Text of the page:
Mixed Reality Startup Nreal Adds $40 Million in Series B Financing
The Chinese mixed reality startup, Nreal, has just secured $40 million in financing from a group of high-profile investors in a series B funding round which might potentially increase the adoption of its AR headsets.
The funding round was led by Kuaishiou, an archrival to Douyin, a Chinese TikTok version. Kuaishou now becomes the second video platform to establish a relationship with Nreal after iQiyi, which is the Chinese version of Netflix.
Both Kuaishou and iQiyi are joining other video streaming platforms from around in the world that are dabbling in augmented reality content. By investing in Nreal, the two Chinese video companies are also securing a hardware partner for next-gen video streaming technologies that could be instrumental in their early forays into immersive content.
The latest Nreal funding round was also backed by GP Capital whose investors include the major Chinese movie studio Hengdian Group and the Chinese state-owned financial holding group Shanghai International Group. Other investors in the Nreal funding round included the CCEIF fund that was setup by China Electronics Corporation, a stated owned telecom equipment manufacturer and the China International Capital Corporation, a state-backed investment bank. Also investing in this funding round are Sequoia Capital China and GL Ventures, an early-stage fund which was setup by Hillhouse Capital, a prominent private equity firm.
Early last year, Nreal also brought on board Shunwei Capital, a Xiaomi’s founder’s China fund, after it invested $15 million in a Series A funding. Xiaomi’s sees XR as a key component of its Internet of Things empire. It is possible that Xiaomi might in the future even source Nreal’s mixed reality glasses.
Qualcomm is also a major Nreal technology partner. Qualcomm has been instrumental in China’s 5G rollout and it has powered the next-gen handsets of the leading Chinese phone manufacturers. Qualcomm makes Nreal’s Snapdragon processors, enabling the three-year old mixed reality startup’s AR glasses to easily plug into Android phones.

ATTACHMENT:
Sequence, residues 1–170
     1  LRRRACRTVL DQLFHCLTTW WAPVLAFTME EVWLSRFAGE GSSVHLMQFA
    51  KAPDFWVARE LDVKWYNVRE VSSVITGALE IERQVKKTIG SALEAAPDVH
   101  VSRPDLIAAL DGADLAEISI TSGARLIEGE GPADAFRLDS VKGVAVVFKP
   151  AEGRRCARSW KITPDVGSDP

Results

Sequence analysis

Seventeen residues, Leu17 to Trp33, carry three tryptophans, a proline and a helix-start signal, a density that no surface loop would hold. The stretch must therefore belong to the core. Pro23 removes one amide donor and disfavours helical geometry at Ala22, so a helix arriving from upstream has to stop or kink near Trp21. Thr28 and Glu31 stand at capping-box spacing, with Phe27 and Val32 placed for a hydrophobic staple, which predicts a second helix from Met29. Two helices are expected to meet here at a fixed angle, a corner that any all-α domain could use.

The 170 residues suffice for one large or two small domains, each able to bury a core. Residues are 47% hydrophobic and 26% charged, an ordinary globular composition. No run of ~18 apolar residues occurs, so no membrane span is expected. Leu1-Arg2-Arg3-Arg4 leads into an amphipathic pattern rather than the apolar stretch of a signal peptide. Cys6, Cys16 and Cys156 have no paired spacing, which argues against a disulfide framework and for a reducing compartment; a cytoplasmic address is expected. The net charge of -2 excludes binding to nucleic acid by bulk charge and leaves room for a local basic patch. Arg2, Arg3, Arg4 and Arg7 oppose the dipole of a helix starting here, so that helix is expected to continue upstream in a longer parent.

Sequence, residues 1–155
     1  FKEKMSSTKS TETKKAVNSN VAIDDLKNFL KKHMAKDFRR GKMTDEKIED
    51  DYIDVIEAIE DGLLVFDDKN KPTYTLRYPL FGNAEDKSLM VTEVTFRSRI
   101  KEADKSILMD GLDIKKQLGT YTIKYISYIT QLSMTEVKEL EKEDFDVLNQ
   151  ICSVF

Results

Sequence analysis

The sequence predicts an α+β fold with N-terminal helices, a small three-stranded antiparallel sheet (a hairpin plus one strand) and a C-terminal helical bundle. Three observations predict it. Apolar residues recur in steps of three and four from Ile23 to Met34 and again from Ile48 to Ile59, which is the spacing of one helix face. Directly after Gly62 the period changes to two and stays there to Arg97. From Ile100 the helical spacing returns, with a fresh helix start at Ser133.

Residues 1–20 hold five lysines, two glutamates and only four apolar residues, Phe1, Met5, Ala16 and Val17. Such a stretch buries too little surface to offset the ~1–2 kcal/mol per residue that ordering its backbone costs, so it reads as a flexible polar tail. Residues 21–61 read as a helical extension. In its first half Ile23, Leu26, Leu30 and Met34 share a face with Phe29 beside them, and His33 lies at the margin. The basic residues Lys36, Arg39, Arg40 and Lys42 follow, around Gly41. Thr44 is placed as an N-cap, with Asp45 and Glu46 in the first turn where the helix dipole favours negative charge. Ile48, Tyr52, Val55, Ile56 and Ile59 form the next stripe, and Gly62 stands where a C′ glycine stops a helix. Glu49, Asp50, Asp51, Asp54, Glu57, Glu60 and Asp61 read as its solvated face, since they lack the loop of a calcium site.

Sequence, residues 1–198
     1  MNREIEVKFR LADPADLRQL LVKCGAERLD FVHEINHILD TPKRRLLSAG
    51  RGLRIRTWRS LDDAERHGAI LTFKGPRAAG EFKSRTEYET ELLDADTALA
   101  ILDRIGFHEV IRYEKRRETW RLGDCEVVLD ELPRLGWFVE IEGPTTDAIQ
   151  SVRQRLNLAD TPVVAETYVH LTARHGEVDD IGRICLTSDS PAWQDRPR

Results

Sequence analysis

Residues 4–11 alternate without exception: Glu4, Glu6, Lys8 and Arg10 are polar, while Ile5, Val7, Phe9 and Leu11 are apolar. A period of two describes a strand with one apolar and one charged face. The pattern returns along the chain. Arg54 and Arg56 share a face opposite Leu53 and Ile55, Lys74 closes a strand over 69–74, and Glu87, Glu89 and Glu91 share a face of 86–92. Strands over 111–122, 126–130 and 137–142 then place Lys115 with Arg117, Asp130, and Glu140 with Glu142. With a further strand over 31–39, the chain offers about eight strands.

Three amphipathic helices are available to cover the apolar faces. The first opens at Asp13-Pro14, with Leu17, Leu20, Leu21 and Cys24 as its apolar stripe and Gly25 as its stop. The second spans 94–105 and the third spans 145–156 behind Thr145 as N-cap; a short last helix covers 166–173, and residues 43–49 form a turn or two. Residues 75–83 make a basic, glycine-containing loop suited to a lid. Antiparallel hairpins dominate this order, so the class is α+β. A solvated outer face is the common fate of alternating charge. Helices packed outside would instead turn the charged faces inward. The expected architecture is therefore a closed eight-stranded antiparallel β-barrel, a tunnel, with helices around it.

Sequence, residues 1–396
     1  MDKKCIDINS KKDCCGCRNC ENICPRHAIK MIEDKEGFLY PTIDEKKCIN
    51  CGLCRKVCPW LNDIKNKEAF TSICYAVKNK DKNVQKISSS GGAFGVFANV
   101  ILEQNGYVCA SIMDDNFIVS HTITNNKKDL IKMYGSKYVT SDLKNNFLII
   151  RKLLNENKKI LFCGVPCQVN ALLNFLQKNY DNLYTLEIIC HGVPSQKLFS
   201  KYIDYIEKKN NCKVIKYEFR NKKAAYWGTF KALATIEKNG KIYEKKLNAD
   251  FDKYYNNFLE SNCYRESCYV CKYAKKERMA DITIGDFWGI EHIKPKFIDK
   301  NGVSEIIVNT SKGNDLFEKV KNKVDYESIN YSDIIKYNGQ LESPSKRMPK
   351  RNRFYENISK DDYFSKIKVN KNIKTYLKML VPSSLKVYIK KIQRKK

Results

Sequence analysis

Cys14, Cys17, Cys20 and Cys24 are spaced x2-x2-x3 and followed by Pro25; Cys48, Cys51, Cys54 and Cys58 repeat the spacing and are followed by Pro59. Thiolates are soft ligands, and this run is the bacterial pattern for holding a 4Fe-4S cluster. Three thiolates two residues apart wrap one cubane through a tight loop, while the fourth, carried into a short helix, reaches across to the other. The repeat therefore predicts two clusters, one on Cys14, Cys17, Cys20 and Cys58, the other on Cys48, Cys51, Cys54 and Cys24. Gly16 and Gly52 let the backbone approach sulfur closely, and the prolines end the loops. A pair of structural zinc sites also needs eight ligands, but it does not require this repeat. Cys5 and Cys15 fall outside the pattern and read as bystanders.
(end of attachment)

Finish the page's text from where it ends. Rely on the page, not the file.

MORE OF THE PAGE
The close partnership with Qualcomm will also enable Nreal to gain access to Qualcomm’ss network of customers, including leading telecoms companies, according to AR/VR industry consultant Seewan Toong.
Nreal has already signed deals with LG’s cellular carrier LG Uplus Corp in Korea and with the Japanese telco KDDI.
The latest fundraising round now brings Nreal’s total funding to over $70 million and the new infusion of cash should accelerate the mixed reality company’s efforts to accelerate the mass adoption of mixed reality technology in the coming 5G era.
It will be interesting to see how Nreal will fare on now that some of its rivals are falling by the way side. The company has to secure the user base and grow into more than just a poster child of XR ambitions of some of the tech giants.
Nreal’s moves to strike deals with telcos are similar to what Magic Leap did. Fortunately for Nreal, it is spending less cash in making these moves. Magic Leap is in deep trouble after failing to crack open the consumer market and is now reliant on the enterprise mixed reality market. Nreal, on the other hand, has built its product without the hype and weight of expectations that drove Magic Leap to ruin.